THE SHEPHERD GIRL: Shaw Bros. musical with idyllic rural setting
THE SHEPHERD GIRL (1964) is an operetta about a young boatman, Dalong, and a shepherd girl, Xiuxiu, in which the two lovers sing 99% of their dialogue to each other. The setting is a traditional Chinese seaside village and the film was shot in equal parts on a picturesque Taiwanese coast and in the Shaw Bros. studio. The two leads have their first encounter when they sing to each other across the water, she on a high hill tending her goats, he plying his trade in the waters below. She essentially challenges him, in song, to come looking for her. Long story short: they meet in town, hook up at a mating festival where the young men and women of the village pair off after some group singing sessions, and are all but betrothed to each other by the middle of the film. But then fate intervenes in the form of some obstacles—one based on a misunderstanding and one involving a rival who actually puts down money to buy the girl as a bride. Can the lovers recapture the spark that first drew them together and then reunite after a major catastrophe?
The misunderstanding involves Dalong and his friendship with an outcast woman of the village who'd been derided as a "whore" in a gossip song by the town boss. The film had been a romantic idyll up to this point, a soaring love fest designed to warm viewers' hearts everywhere. Instead, Xiuxiu's headstrong overreaction to this incident leads to a bout of impulsive behavior that borders on irrational and results in plans for an arranged marriage to Tiger Zeng, a brutish fur trapper from the mountains to whom the town boss has promised Xiuxiu after calling in her father's unpaid gambling debts. A lot happens in the second half and we haven't even gotten to the lone sea voyage and the threat of pirates.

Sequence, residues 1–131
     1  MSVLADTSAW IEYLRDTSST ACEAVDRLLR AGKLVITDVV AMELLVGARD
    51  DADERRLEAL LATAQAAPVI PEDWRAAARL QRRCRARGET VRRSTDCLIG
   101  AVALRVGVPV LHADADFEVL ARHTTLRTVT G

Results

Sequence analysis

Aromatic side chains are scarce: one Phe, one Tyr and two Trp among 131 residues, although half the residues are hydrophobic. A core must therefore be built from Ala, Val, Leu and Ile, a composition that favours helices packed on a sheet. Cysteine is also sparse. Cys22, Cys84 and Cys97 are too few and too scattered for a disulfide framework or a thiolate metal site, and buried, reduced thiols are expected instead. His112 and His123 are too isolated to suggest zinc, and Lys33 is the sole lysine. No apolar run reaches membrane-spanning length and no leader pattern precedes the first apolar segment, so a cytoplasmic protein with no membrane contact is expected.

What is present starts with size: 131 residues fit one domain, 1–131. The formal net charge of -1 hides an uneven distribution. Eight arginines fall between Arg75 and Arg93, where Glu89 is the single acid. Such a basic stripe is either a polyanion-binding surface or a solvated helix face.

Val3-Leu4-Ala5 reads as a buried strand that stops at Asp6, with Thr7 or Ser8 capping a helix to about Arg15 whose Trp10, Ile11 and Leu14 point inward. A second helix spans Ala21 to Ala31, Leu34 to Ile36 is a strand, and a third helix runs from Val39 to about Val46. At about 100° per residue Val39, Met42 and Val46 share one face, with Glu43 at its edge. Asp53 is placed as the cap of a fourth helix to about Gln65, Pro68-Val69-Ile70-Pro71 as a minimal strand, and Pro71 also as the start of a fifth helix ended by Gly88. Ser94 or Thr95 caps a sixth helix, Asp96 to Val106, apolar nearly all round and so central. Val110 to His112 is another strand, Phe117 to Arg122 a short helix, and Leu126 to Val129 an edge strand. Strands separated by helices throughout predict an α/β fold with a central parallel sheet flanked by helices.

The songs are beautifully sung, although I'm not sure if the on-camera performers provide the voices. The scenery is consistently beautiful, whether on location in Taiwan or recreated on the Shaw studio's lavish soundstages. The dance on Phoenix Mountain where the girls and boys sing back-and-forth at night around several bonfires is a joyous and spectacular number, as lovely in its own way as anything comparable you'd see in a Hollywood musical. However, the melodramatic tone of the overlong second half, culminating in a nasty, grueling fight between the boatman and the trapper, diminishes some of the good feeling of the first half and keeps this from being a great Shaw movie. But it's a compelling one nonetheless and makes a lavish showcase for the considerable talents of its star, Julie Yeh Feng, who plays Xiuxiu. She was beautiful, but not in a demure or delicate manner like the more typical Shaw Bros. leading lady of the time (e.g., Betty Loh Ti, to name one). She was aggressive and confident and had a strong, commanding screen presence that lent itself to less glamorous, more down-to-earth parts, such as the outspoken shepherd girl in this film and the student activist/nationalist soldier in Cathay's SUN, MOON AND STAR and SUN, MOON AND STAR PART 2 (both 1961 and both also reviewed on this site).
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